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Five Lessons the Marshall Plan Taught About Poverty Relief

The Marshall Plan
The battles from World War II resulted in some of the worst devastation in history, as military and civilian areas alike were targeted in aerial bombardment, which left millions dead and entire cities reduced to rubble. Devastation and breakdown of social fiber were so prevalent in Europe that the basic building block of civilization — the trade between farmers and urban dwellers offering food for goods and services — began to break down.

George C. Marshall, serving as the newly appointed secretary of state in 1947, outlined a plan to aid Europe with funds for rebuilding key infrastructure and industry. Though it has been criticized for reforming European markets in the style of the U.S. economy, the Marshall Plan undoubtedly helped spur economic recovery in Europe devastated by one of the most destructive wars in history.

The U.S. spent over $13 billion for the economic recovery of Europe between 1948 and 1951. In 2016 dollars the equivalent would be almost $130 billion. By helping to rebuild Europe, the U.S. found a new market for its manufactured goods that helped the country from sliding back into depression following the war. Today, the plan still holds lessons for combating poverty in the 21st Century.

Economic Development is Critical

Any approach to aid that doesn’t take the economic situation into account is doomed to short term success. The Marshall Plan made a point of focusing on rebuilding the economies of Europe including “…promoting industrial and agricultural production with the object of becoming independent of outside assistance…include(ing) projects for increased production of coal, steel, transportation facilities, and food.”

Oversight is Essential

The provisions of the Marshall Plan created a new organization, the Economic Cooperation Administration, consisting of an administrator, a deputy and a staff composed of economists, accountants, lawyers and administrative workers. The Act empowered the administrator to create rules and regulations regarding the distribution of aid based on ground conditions. The administrator was on equal footing with the secretary of state, which the president of the U.S. set as the arbitrator in any disputes between them. Other rules outlined two advisory boards and a special “roving ambassador” to aid the administrator. The plan even established a congressional “watchdog committee” for additional governmental oversight. These clearly defined duties helped to ensure the aid outlined in the plan made it to refugees who needed it most.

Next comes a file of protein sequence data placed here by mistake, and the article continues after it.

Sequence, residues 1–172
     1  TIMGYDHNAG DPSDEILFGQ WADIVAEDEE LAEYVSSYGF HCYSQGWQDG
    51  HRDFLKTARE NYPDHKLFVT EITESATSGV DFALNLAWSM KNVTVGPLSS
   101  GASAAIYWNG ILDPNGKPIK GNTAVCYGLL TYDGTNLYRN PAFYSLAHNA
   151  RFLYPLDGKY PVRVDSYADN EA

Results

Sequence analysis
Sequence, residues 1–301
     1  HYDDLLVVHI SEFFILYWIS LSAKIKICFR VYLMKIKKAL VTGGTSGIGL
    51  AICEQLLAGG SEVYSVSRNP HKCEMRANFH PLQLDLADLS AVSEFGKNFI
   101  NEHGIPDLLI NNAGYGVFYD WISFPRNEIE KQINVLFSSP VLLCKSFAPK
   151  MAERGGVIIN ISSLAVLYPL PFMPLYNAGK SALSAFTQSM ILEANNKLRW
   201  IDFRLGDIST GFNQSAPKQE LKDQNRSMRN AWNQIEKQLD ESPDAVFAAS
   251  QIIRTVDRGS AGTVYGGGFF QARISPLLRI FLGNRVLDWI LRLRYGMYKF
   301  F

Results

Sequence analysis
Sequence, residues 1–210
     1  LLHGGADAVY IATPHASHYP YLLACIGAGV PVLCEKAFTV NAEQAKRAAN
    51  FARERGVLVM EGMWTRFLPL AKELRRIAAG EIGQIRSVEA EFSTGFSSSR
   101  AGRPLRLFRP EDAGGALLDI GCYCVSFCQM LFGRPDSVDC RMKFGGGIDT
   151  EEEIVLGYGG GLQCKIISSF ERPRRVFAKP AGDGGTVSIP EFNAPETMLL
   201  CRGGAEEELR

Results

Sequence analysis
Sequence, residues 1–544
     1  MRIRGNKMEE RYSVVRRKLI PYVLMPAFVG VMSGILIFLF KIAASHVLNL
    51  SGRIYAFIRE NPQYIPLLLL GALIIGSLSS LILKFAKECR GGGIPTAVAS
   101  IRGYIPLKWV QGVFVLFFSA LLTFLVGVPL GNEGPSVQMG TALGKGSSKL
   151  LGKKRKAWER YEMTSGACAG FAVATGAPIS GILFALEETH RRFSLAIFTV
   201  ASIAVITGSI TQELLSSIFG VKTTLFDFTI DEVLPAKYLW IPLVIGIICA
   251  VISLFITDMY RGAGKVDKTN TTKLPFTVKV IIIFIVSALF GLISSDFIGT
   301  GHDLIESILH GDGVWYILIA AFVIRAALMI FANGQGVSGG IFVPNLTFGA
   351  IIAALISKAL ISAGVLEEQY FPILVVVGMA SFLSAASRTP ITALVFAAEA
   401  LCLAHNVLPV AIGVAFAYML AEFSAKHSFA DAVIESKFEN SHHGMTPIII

Confidence Must Be Restored in Local Economies

The Marshall Plan took measures to restore vital infrastructure and public schooling, which helped to give ordinary citizens the semblance of order necessary to build consumer confidence in their economies. Provisions in the plan also provided for “taking necessary financial and monetary measures to stabilize currency and exchange and balance the governmental budget of the signatory country.” The end goal of the stabilizing effects was to create a favorable environment for American investment in Europe.

Aid Should Be Focused Regionally, Not on Single Countries

Experts believe one of the greatest reasons for the success of the Marshall Plan was that it focused on rehabilitating an entire region as an economic unit rather than singling out specific countries. Aid efforts crossed borders and gave a sense that the continent was in the fight together to return to previous levels of economic development. Under the Marshall Plan, assistance was available to countries in the Western Hemisphere. The agreement tasked the U.S. secretary of state with negotiating the free entry of supplies to countries participating in the plan. The administrator was still able to refuse aid in the interest of national security in case it had become clear supplies were supporting military forces. Under this provision, countries in Eastern Europe falling under the Soviet bloc did not receive aid.

Aid Should Be Coordinated Through the UN

Aid through the Marshall Plan filtered through U.N. organizations for distribution. Also, the rules of the plan required the administrator to send progress reports to the international organization. By coordinating efforts through the U.N., the U.S. increased the legitimacy of its aid programs and allowed some measure of input from U.N. officials.

Marshall himself outlined the reasoning behind the aid in a speech at Harvard University on June 5, 1947. In the address he stated, “It is logical that the U.S. should do whatever it is able to do to assist in the return of normal economic health in the world, without which there can be no political stability and no assured peace. Our policy is directed not against any country or doctrine but against hunger, poverty, desperation, and chaos.”

Will Sweger

Photo: Flickr